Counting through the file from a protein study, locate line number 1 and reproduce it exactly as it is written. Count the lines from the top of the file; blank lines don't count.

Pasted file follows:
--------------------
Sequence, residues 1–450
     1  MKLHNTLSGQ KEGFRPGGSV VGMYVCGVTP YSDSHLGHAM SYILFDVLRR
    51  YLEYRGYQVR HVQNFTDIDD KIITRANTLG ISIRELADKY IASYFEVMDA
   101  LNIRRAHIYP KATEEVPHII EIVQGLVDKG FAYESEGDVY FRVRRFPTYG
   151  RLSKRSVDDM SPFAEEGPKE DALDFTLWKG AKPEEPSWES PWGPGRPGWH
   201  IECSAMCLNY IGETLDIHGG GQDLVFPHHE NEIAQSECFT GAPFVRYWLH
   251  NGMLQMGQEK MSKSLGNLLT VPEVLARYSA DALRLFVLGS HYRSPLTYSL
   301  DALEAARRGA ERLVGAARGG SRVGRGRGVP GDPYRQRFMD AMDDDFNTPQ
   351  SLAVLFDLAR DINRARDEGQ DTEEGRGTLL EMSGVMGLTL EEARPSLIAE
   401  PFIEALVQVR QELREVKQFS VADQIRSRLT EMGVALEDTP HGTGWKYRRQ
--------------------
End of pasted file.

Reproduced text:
Sequence, residues 1–450